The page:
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SWF-based Canvas

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Dec. 1st, 2005 | 09:05 pm

After doing some research on this topic, I've come to the conclusion that it's certainly possible to create a generic SWF file capable of running HTML Canvas instructions in Flash. Since it's easier said than done, I'm going to explain how to go about implementing it instead of actually doing it myself.

The first thing to do is to create a simple SWF file containing an implementation of the HTMLCanvasElement and CanvasRenderingContext2D interfaces. All properties and methods should be exposed using Flash 8's ExternalInterface API.

Here's a sample implementation of the fillRect method:

public function fillRect(x:Number, y:Number,
  w:Number, h:Number):Void
  moveTo(x, y);
  lineTo(x + w, y);
  lineTo(x + w, y + h);
  lineTo(x, y + h);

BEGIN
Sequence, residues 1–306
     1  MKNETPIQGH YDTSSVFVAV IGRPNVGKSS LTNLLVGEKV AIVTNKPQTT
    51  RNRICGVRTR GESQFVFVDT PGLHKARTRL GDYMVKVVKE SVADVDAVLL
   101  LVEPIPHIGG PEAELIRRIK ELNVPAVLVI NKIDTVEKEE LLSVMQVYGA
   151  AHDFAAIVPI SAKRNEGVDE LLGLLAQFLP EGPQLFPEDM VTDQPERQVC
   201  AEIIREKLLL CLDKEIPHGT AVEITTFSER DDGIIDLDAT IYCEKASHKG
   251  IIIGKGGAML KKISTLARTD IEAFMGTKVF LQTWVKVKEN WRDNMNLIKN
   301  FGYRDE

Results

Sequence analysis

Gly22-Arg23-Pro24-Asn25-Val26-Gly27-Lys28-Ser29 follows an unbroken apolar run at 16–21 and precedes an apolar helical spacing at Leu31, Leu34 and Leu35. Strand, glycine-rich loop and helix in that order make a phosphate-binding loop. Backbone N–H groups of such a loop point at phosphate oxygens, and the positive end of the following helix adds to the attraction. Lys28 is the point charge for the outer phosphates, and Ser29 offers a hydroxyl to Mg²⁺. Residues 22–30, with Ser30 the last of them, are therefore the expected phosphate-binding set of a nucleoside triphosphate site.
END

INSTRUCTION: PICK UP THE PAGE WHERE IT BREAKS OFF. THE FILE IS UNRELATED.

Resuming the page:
lineTo(x, y);

I would start by implementing some of the frequently used methods with the clear objective of getting some of the basic samples working.

Once a basic implementation is ready, the next step is to try to use it from within a web page. I'd use Geoff Stearns's Flash detection technique to replace an existing Canvas element with Flash content at runtime.

<div id="content">
  <canvas id="canvas" width="300" height="300"></canvas>
  <script type="text/javascript">
    var fo = new FlashObject("canvas.swf", "canvas",
      "300", "300", "8");

In the above example, "canvas.swf" is the name of the SWF file containing the HTML Canvas implementation. The last argument to the FlashObject constructor is the Flash version number to check for. On systems with no Flash Player 8 installed (all Linux and FreeBSD systems as of this writing), the script will fall back to native Canvas support.

That's really it. The following JavaScript code should produce identical output on both native and SWF-based Canvas implementations.

var canvas = document.getElementById("canvas");

ctx.fillStyle = "rgb(200,0,0)";
ctx.fillRect (10, 10, 50, 50);

ctx.fillStyle = "rgba(0, 0, 200, 0.5)";
ctx.fillRect (30, 30, 50, 50);

Expected output